Dentists in Australia and New Zealand may have the right idea. Dr. Andrea Shepperson, a New Zealand dentist is backing a call by Australian dental experts pushing for a warning label on soft drinks. This warning label urging is in response to recent studies by the Australian Dental Association. In an intense study, Dr. Jason Armfield found that 56% of Australian children ages 5 to 16 consumed at least one sugared drink a day. Even more alarming is that 13% consumed three or more sugared drinks per day.
What these finding indicate, according to Dr. Armfield is, “Consistent evidence has shown that high acidity of many sweetened drinks, particularly soft drinks and sports drinks, can be a factor in dental erosion, as well as the sugar itself contributing to tooth decay.”
Read more about corrosive food and beverages
Dr. Shepperson backs this push and stated that “Caffeine can create a dry mouth and it reduces the protective effect of saliva on teeth. These ingredients are a lethal combination that can cause dental erosion and decay.”
She went on to further distinguish erosion from decay. “Erosion is the chemical dissolving of tooth enamel from an acid source – often a drink. It is recognized by pits or potholes in back teeth, hollow and worn teeth, and teeth that are getting darker in color or more sensitive. The patterns are different but the outcomes are similar – unnecessary and avoidable damage to teeth, caused largely by our diet.”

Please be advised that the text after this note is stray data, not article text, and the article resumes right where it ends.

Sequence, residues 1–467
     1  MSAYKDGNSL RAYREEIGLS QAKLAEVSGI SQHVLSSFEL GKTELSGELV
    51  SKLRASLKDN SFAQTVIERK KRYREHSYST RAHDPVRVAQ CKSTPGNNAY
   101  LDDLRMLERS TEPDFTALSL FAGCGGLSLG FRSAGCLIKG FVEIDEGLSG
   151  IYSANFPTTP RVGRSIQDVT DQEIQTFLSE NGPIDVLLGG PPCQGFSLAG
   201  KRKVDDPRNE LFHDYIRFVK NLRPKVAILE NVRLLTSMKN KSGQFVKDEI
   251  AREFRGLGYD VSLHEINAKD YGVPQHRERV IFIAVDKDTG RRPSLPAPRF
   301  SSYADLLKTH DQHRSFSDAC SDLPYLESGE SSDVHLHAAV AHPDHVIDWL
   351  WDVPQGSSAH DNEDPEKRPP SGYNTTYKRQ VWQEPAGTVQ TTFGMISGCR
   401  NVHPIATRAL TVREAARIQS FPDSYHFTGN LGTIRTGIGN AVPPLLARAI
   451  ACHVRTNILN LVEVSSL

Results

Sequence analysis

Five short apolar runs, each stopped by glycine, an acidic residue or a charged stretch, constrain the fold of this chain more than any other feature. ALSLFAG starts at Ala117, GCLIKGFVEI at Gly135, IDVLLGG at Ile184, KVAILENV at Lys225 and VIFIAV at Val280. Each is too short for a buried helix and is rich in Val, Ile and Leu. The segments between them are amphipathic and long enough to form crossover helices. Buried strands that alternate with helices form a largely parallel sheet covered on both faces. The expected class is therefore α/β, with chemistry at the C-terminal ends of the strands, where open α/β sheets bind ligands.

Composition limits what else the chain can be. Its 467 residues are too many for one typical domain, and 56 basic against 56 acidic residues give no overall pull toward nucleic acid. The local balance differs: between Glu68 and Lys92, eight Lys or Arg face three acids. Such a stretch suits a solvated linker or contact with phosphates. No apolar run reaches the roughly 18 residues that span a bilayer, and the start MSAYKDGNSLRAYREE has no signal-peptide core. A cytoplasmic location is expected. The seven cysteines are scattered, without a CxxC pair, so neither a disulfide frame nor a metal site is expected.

“Warning labels on drinks outlining the risks of dental erosion would be a sensible guideline,” says Dr. Shepperson.
Another interesting point to note is that dental erosion is not just caused by soft drinks. Fruit drinks, energy drinks, herbal teas and even sports drinks also pose a dental health risk.
Just because a drink appears to boast “health” properties doesn’t mean that it is healthy for your teeth as well.
As a side note: In the United States, we are faring far worse –
In comparing the Australian study to North American children, between the ages of 2 – 19 years old, 70% of males and 60% of females drink a sugary beverage every single day.
However, from the preview of the first National Soda Summit, it looks like the United States is stepping up to do something about this soda epidemic.